What's troubling here is not so much the revelation of yet another political phony seeking easy money. Recall that former CIA director George Tenet's 2007 book, "At the Center of the Storm," sold to readers as true, begins with a dramatic scene Tenet later admitted he fabricated. What's really troubling is that Knopf, the U.S. publisher of the Blair book-like object, doesn't seem to give a fig whether the content is genuine, so long as the book-like object is selling.

Stephen's got Princeton historian Sean Wilentz:

Chants Democratic (1984), which won several national prizes, including the Albert J. Beveridge Award of the American Historical Association, shows how the working class emerged in New York City and examines the changes in politics and political thought that came with it. It has recently been republished with a new preface in a 20th-anniversary edition...His major work to date, The Rise of American Democracy: Jefferson to Lincoln (2005), was awarded the Bancroft Prize and was a finalist for the Pulitzer Prize. His most recent book is The Age of Reagan: A History, 1974-2008, a reconsideration of U.S. politics since the Watergate affair. A contributing editor to The New Republic and Newsweek, Professor Wilentz lectures frequently and has written some three hundred articles, reviews, and op-ed pieces for publications such as the New York Times, the Los Angeles Times, the New York Review of Books, the London Review of Books, the American Scholar, The Nation, Le Monde, and Salon. He also writes about American music, for which he has received a Grammy nomination and a Deems Taylor-ASCAP award. In his spare writing time, he is historian-in-residence at Bob Dylan’s official website, www.bobdylan.com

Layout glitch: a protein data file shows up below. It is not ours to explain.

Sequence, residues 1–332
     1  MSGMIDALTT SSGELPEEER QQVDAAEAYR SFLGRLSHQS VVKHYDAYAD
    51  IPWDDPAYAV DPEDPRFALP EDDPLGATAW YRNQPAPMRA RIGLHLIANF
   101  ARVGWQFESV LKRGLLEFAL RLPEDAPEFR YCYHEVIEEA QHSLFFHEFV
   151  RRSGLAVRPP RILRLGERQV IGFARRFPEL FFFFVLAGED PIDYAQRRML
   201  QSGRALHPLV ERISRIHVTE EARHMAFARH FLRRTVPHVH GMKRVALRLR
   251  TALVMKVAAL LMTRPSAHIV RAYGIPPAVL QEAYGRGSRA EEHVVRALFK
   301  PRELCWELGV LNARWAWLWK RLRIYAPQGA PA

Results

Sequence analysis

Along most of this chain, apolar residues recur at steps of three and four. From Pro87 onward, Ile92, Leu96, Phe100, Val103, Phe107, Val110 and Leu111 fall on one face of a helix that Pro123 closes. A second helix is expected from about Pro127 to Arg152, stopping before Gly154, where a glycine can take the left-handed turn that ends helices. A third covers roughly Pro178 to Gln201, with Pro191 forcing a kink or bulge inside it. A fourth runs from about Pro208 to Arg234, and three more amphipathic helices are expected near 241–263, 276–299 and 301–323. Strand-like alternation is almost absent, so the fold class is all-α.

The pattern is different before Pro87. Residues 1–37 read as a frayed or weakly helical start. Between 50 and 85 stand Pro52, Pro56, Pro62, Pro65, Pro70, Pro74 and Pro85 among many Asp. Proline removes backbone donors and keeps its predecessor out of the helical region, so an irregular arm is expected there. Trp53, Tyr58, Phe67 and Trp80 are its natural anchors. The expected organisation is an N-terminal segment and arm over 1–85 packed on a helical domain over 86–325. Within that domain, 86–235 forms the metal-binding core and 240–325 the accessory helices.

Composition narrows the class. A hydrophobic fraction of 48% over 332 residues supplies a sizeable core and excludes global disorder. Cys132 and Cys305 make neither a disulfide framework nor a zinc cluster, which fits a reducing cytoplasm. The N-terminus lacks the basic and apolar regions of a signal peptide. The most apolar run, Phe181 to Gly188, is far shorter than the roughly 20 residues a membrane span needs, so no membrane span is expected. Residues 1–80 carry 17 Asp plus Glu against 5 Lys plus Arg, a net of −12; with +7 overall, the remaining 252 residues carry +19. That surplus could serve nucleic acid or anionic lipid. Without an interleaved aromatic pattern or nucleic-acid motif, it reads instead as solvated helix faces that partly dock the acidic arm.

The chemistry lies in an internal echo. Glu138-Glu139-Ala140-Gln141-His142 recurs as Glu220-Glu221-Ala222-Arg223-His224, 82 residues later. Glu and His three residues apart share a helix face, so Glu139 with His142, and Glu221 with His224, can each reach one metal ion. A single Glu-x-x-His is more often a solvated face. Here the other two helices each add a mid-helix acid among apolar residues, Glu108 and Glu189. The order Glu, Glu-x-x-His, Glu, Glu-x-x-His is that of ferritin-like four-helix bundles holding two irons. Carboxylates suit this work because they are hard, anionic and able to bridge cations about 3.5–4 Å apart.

You might possibly have some, um, unpleasant memories involving his support of Hillary in the primaries, but luckily he's here to talk about his latest book, Bob Dylan in America (yes, Dylan's still around. Touring, even). Sounds like it's not the usual celeb bio, but more of an actual scholarly work, discussing Dylan's place in the context of American musical history:

His new book, " Bob Dylan  in America," (Doubleday) is about how the strains of American music and American history have come together in one man over the course of a nearly 50-year career. In Wilentz's view, Dylan has served as a conduit for potent and nearly forgotten strands in American musical, folk and political culture. The Popular Front artists, the Beat writers, the forgotten blues singers discovered by John and Alan Lomax, these are some of the people whose work speaks through Dylan. And so, appropriate for a historian, the book is a vision of how the past becomes part of our living present.

For example, the book starts with a chapter on Aaron Copland (and BTW, anyone on Wikipedia? his page needs some editing. Looks like a repeat offender).

The New Yorker has an excerpt, and Wilentz's site has lots of review links, additional essays, interview snippets, etc. I got distracted by youtube, though:

That might be my favorite video ever. In a piece titled Is Bob Dylan Hip-Hop's Godfather? His Ties to Beasties, Roots, More, Rolling Stone recently asked "Is this the very first rap song ever?" (It's from 1965.) And as with most of Dylan, there are a whole lot of covers out there (yes, including a whole lot of the guy-in-underwear-with-acoustic-guitar genre, most of which I was able to avoid).

This one, from Alanis Morissette, isn't  my favorite, but some of you might appreciate it. She also does "Blowin' in the Wind"

And then, of course:

This one's new, from his 2009 Christmas album. Strikes me as hysterical:

And, well:

Lots of versions of that around, too. But I've got to stop watching vids at some point.

Anyway, no idea how this interview will come across. But I'm going to take a look at the book -- I've got a bunch of gifting-holidays coming up...

Originally posted to TiaRachel on Tue Sep 14, 2010 at 07:57 PM PDT.